In a previous article, we discussed the ways in which hybrid cloud storage equips storage administrators with a powerful tool to help manage data more efficiently, making it fast and easy to “cloud out” cold data or move performance-intensive data sets from the cloud to the highest tier of on-premises storage. In this article, we take a closer look at how hybrid can help administrators get the upper hand on a specific type of data that is proliferating within IT systems and business intelligence and analytics applications alike — unstructured data.

Even a cursory rundown of the most common types of unstructured data, including Word documents, email messages, presentations, images, video files, and log files, will serve to demonstrate just how prevalent this information can be. However, as in many areas of life, too much of a good thing isn’t always good. An abundance of unstructured data can bog organizations down in major ways. If storage capacity reaches its limit, additional, expensive storage needs to be purchased. Additionally, bulky storage can slow down access to the data, causing application performance to suffer.

A hybrid cloud storage model is ideally suited to help restore order to unstructured data that may have been built on file and folder hierarchies within block storage but needs someplace else to go. This is because the platform gives administrators the ability to view and manage on-premises and cloud storage as a single, unified pool. To make it work, administrators essentially have to make two important decisions.

Decide What Stays and What Goes

So, what do you do when you realize that you have more unstructured data than you know what to do with? If you have a hybrid cloud or hybrid public cloud storage array, the first step is to use a modern data archiving solution to identify which data stays and which data goes. To simplify things, establish the criteria that best suit your organization’s needs. What you view as meaningful criteria will vary from industry to industry and from company to company, but a basic list includes variables such as size of file, type of file, date of creation, and last date of access.

Once you’ve identified data by priority or value, you have the option to automatically, or via policy, move data to free up capacity. As an example, let’s say you define cold data as information created more than two years ago or not accessed in the last 12 months. With hybrid cloud storage, you can set policies to automatically send that data to long-term storage – without losing management control over it. In this case, when a piece of cold data is accessed, it might no longer be considered cold, so it may get moved back onto primary storage if policy dictates.

Decide Where to Put Your Data

On premises or in cloud: where is the best place to move unstructured data when it pushes the capacity limits of your block- or file-based storage arrays? Before we make that call, it’s important to note that no matter where it’s located, object storage may be an appropriate medium because it can handle large amounts of unstructured data at a reasonable price. In addition, object storage allows an administrator to use metadata to manage it on a per-object basis.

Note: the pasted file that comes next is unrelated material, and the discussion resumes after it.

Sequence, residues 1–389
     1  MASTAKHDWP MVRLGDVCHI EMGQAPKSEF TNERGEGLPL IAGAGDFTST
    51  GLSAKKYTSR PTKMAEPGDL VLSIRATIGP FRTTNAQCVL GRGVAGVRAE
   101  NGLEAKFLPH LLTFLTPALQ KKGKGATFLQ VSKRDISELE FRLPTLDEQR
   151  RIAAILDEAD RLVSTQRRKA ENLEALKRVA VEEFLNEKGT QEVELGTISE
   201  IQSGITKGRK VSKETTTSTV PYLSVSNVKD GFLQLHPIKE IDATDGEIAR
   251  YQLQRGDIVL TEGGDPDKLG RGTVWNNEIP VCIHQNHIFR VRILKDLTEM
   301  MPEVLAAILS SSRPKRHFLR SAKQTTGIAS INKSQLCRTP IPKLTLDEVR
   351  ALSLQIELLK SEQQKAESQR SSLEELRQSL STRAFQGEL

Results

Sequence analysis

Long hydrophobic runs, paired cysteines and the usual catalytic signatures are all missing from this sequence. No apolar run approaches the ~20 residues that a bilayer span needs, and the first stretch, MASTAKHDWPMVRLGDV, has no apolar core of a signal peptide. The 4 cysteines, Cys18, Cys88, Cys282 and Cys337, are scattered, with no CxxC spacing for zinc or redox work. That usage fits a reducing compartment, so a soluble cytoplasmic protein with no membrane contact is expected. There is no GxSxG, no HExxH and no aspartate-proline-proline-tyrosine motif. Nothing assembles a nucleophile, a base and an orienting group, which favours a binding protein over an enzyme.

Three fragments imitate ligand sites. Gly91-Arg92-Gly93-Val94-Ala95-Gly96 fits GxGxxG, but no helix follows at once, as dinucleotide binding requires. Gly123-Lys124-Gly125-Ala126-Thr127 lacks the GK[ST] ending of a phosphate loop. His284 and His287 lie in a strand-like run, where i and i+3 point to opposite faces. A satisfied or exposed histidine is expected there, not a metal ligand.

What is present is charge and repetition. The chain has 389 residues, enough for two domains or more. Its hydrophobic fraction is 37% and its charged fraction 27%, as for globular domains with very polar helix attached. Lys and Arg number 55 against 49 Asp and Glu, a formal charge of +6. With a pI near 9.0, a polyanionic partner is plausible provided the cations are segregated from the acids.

The determining factor of where it is physically located depends on the frequency of access due to bandwidth egress fees related to public cloud. While sending data to public cloud, storage is often cheaper per gigabyte than on premises object storage; cloud-based storage sometimes demands something of a premium when it comes to retrieving your data. For this reason,long-term archive that is rarely or never accessed — except for emergency, disaster or by special request— may be better served by the public cloud from a cost perspective. Conversely, the public cloud is almost certainly notsomething you’d depend on for primary storage, again because of usage and egress charge rates.

Interestingly, if you have multiple physical locations and are simply trying to contain costs associated with primary storage growth, data can be archived or moved from primary storage systems to object-based systems within your own data centers. This gives you the ability to select the storage platform best suited to tier appropriately for the normal course of business.

Of course, “normal course of business” is a relative term. A medical technology company or healthcare provider may have to meet compliance standards that require confidential patient records to be made available for immediate use for a given time period. A graphic design firm, on the other hand, may be well within its compliance comfort zone in defining “cold” data under a different set of variables.

Conclusion: Flexibility Is Key

As you can see, when it comes to storing unstructured data you’re usually dealing with rather dynamic and fluid “if this, then that” scenarios that are subject to change. A hybrid cloud system can furnish you with a cost-effective solution to these changing scenarios over time, but only if you manage the platform and unstructured data based on a few best practices. To sum up, these include:

  • carefully identifying unstructured data that you want to keep handy versus data that’s ready for long-term storage
  • moving data that cannot be handled by your file and block platforms to a scalable and easily managed object-based platform
  • using an on premises array for tier-2 data you want to access on a regular or semi-regular basis
  • sending stale and/or cold data to the cloud for long-term, low-use or no-use storage

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